Marked by a didactic commitment to regenerate and revitalize Ashkenazic Jewish culture as a means of preserving Jewish life in the modern world, the Haskalah gave voice to a new kind of European Jew, a secular intelligent. The worldview of the maskilim, individuals in the process of "enlightening" themselves, was shaped by an ideology of creative tension between the worlds of traditional Jewish culture and European society and values, what the Prussian maskil Naphtali Herz Wessely (17251805) called Torat ha-Adam (secular knowledge) and Torat ha-Elohim (sacred knowledge) in his programmatic educational pamphlet, Divrei Shalom ve-Eme (Words of peace and truth, 1782). In contrast to activists in the European Enlightenment who were already Europeans, the maskilim not only waged a self-conscious battle to regenerate Ashkenazic Jewish culture, but also struggled to justify Jewish participation in European society as men, like all other men, endowed with the universal faculty of reason. The Haskalah, in its defense of Jewish particularism, qualified the universalism of the Enlightenment.

The figure of Moses Mendelssohn (17291786), son of a poor Jewish scribe from Dessau who settled in Berlin, the center of the Prussian Enlightenment, epitomized the new type of European Jew. Mendelssohn remained devout throughout his life, yet acquired a vast reservoir of secular and non-Jewish knowledge that he applied to philosophical, political, and exegetical writings, penned in both flawless German and impeccable Hebrew. His Jerusalem, or on Religious Power and Judaism (1783), a philosophic defense of the compatibility of the observance of Jewish law with the ideals of Enlightenment natural religion, expressed the Haskalah's conservative attitude toward revelation and inherited traditions, a posture characteristic of the moderate German Aufklärung' s debt to the philosophy of Christian Wolff. Shaped in the Prussian context, the Haskalah lacked the anticlericalism and critique of the religious establishment that motivated the French philosophe's conception of Enlightenment.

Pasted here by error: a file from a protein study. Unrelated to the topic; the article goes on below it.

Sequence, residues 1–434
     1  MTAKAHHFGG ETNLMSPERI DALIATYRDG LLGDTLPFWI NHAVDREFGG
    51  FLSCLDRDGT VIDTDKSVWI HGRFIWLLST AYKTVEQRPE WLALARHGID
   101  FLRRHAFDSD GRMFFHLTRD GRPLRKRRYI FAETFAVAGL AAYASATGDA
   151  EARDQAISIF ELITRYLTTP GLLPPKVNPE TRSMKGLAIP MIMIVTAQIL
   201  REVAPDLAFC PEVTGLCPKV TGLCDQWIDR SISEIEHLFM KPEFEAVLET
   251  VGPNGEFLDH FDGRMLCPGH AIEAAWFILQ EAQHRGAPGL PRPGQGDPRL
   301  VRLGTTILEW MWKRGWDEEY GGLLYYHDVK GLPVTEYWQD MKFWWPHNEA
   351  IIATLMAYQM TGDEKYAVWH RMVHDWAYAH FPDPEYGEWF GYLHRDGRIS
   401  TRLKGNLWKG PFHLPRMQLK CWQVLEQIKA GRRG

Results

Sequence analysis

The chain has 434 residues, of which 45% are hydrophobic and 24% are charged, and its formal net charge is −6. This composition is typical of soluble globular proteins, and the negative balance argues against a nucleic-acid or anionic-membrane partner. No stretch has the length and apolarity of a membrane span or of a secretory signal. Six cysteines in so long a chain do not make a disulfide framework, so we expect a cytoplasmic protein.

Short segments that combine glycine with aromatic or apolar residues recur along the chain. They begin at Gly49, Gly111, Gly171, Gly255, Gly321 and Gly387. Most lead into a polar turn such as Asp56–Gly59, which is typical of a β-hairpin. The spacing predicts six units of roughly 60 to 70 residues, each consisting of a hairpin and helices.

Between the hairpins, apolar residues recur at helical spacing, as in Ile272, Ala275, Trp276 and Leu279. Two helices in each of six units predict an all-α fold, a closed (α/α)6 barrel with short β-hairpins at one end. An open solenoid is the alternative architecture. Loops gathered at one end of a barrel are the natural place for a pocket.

The generation of Prussian maskilim after Mendelssohn institutionalized the movement by establishing periodicals (Ha-Me'assef/ the Gatherer), publishing houses (Hevrat Hinukh Ne'arim/Society for the Education of the Youth), reading circles (Hevrat Dorshei Leshon Ever/The Society for the Promotion of the Hebrew Language, 1782, Königsberg), and schools (Jüdische Freischule/ Jewish Elementary School, 1778), with new textbooks (Lesebuch für jüdische Kinder/ Reader for Jewish children, 1779), activities supported by the maskilim and a small group of economically elite Jews with privileges to live in Prussia's cities. By the 1790s, the Haskalah in Prussia encountered the political demands of the centralizing absolutist state, which sought to dissolve all premodern corporations, including the Jewish communal authority (kahal), and the acculturating aspirations of the rising Jewish bourgeoisie, resulting in its radicalization. Prussian Jewish intellectuals soon focused their efforts on political emancipation and cultural acceptance, rather than on inner reform, embodied by the maskil David Friedländer's 1799 letter to Pastor Teller asserting his willingness to convert to Christianity with the provision that he not accept the divinity of Christ. The shift in emphasis was tellingly marked by the failure of Hebrew periodical literature to sustain itself in Prussian lands, giving way to new German periodicals (Sulamith) focused on the struggle for political rights.